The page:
Environmental assessment of channel catfish Ictalurus punctatus farming in Alabama

C. E. Boyd, J. Queiroz, J. Lee, M. Rowan, G. N. Whitis, A. Gross

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36 Scopus citations


An environmental assessment was made of Alabama channel catfish Ictalurus punctatus farming which is concentrated in the west-central region of the state. There are about 10,000 ha of production ponds with 10.7% of the area for fry and fingerlings and 89.3% for food fish. Food fish production was about 40,800 tons in 1997. Watershed ponds filled by rainfall and runoff make up 76% of total pond area. Water levels in many of these ponds are maintained in dry weather with well water. The other ponds are embankment ponds supplied by well water. Harvest is primarily by seine-through procedures and ponds are not drained frequently. The main points related to Alabama catfish farming and environment issues are as follows: 1) catfish farming in Alabama is conservative of water, and excluding storm overflow, about two pond volumes are intentionally discharged from each pond in 15 yr; 2) overflow from ponds following rains occurs mostly in winter and early spring when pond water quality is good and stream discharge volume is high; 3) total suspended solids concentrations in pond effluents were high, and the main sources of total suspended solids were erosion of embankments, pond bottoms, and discharge ditches; 4) concentrations of nitrogen and phosphorus in effluents were not high, but annual effluent loads of these two nutrients were greater than for typical row crops in Alabama; 5) ground water use by the industry is about 86,000 m3/d, but seepage from ponds returns water to aquifers; 6) there is little use of medicated feeds; 7) copper sulfate is used to control blue-green algae and off-flavor in ponds, but copper is rapidly lost from pond water; 8) although sodium chloride is applied to ponds to control nitrite toxicity, stream or ground water salinization has not resulted from this practice; 9) fertilizers are applied two or three times annually to fry and fingerling ponds and occasionally to grow-out ponds; 10) hydrated lime is applied occasionally at 50 to 100 kg/ha but this does not cause high pH in pond waters or effluents; 11) accumulated sediment removed from pond bottoms is used to repair embankments and not discarded outside ponds; 12) sampling above and below catfish pond outfalls on eight streams revealed few differences in stream water quality; 13) electricity used for pumping water and mechanical aeration is only 0.90 k W·h/kg of production; 14) each metric ton of fish meal used in feeds yields about 10 tons of dressed catfish. Reduction in effluent volume through water reuse and effluent treatment in settling basins or wetlands does not appear feasible on most farms. However, some management practices are recommended for reducing the volume and improving the quality of channel catfish pond effluents.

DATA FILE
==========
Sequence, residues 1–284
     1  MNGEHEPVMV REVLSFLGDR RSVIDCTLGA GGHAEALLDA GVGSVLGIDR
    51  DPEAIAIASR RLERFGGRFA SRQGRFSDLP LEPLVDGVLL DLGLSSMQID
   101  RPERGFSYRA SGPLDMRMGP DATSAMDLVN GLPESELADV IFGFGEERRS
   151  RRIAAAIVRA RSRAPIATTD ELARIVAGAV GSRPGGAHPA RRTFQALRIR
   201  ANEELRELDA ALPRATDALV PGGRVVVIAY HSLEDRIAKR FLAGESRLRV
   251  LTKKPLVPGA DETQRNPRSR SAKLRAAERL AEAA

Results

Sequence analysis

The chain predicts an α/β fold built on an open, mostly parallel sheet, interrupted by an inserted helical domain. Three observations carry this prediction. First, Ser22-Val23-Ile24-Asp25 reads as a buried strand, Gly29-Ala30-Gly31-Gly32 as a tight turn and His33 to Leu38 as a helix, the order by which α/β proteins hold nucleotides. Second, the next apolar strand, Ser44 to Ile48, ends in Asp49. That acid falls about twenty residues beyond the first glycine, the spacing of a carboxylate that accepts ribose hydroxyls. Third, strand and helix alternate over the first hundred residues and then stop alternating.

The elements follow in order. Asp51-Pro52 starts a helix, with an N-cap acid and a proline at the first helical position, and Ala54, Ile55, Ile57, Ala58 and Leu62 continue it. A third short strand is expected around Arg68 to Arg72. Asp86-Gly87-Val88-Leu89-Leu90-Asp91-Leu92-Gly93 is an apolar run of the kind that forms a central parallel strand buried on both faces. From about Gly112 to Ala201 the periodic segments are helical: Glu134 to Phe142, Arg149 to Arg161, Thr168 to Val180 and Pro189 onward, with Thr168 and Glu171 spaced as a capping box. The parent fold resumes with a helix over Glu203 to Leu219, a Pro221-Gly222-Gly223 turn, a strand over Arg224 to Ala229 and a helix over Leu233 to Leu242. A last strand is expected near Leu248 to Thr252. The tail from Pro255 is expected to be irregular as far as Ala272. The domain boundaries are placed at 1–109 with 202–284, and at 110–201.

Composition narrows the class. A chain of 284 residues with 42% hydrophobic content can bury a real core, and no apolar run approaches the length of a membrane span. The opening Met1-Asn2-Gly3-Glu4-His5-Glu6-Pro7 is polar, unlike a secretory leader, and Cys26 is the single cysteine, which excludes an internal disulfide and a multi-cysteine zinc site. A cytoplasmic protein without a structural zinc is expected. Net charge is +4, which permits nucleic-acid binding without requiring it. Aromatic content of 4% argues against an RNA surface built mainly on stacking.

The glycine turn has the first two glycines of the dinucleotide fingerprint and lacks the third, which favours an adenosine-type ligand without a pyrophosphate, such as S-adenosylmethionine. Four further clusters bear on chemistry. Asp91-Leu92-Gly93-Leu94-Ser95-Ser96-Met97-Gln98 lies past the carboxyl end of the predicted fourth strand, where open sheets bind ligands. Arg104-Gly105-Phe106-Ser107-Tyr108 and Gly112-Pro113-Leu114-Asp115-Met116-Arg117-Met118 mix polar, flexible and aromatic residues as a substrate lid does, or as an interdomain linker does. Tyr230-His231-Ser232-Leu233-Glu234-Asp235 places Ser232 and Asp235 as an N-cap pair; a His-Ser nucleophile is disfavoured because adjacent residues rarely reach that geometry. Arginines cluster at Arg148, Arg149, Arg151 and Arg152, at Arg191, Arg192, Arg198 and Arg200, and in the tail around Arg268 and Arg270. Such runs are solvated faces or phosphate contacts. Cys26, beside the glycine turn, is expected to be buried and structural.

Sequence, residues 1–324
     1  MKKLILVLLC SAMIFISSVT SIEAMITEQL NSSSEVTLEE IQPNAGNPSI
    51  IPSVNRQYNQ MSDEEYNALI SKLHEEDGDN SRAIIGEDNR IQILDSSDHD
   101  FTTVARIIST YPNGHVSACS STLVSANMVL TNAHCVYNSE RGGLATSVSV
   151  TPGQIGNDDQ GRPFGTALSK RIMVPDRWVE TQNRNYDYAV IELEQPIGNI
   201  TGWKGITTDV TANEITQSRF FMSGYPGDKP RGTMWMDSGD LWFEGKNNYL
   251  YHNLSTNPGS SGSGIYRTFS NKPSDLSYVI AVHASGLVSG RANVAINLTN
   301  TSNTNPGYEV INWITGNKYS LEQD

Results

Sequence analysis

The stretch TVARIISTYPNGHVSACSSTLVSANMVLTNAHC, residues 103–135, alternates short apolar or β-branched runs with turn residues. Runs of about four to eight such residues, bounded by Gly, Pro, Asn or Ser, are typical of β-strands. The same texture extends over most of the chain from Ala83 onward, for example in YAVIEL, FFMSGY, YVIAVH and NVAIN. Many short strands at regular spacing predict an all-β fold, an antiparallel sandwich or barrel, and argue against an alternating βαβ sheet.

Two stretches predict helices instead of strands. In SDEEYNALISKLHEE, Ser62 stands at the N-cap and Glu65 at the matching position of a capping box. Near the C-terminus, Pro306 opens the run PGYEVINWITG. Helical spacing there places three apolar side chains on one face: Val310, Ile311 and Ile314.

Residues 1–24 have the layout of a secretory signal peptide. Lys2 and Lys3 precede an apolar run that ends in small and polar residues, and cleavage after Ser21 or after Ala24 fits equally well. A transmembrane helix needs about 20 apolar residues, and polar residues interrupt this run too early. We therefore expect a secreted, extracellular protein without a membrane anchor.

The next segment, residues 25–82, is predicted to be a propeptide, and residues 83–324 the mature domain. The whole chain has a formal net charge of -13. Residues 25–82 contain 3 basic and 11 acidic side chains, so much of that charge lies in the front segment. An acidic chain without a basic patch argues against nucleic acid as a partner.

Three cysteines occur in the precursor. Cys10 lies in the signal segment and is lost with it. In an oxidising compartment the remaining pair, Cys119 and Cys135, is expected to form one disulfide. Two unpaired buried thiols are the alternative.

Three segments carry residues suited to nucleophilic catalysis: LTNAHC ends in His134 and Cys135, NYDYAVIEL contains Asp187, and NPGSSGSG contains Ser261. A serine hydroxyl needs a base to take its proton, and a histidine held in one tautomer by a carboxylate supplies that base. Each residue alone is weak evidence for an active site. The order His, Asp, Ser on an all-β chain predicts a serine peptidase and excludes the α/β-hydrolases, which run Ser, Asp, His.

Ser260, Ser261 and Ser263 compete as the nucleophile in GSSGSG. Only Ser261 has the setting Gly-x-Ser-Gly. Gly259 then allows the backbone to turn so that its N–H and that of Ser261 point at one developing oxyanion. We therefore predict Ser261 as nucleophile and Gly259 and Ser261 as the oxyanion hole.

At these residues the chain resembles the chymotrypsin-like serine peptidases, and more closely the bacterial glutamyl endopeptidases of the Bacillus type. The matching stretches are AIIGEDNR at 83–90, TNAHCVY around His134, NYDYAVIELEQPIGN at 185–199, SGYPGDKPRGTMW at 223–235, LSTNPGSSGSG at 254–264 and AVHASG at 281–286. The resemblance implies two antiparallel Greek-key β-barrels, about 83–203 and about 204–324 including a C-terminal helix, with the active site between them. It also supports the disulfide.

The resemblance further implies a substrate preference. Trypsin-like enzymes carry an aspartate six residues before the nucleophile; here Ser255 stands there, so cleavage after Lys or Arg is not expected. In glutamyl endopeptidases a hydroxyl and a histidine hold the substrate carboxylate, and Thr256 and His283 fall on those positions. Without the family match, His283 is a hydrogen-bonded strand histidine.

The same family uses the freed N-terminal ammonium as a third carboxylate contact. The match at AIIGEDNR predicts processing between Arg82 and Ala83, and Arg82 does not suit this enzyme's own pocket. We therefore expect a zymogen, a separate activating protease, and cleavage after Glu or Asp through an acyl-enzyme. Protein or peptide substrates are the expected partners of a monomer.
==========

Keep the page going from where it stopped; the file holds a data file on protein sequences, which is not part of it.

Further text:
Original languageEnglish
Pages (from-to)511-544
Number of pages34
JournalJournal of the World Aquaculture Society
Issue number4
StatePublished - 1 Jan 2000
Externally publishedYes

ASJC Scopus subject areas

  • Aquatic Science
  • Agronomy and Crop Science


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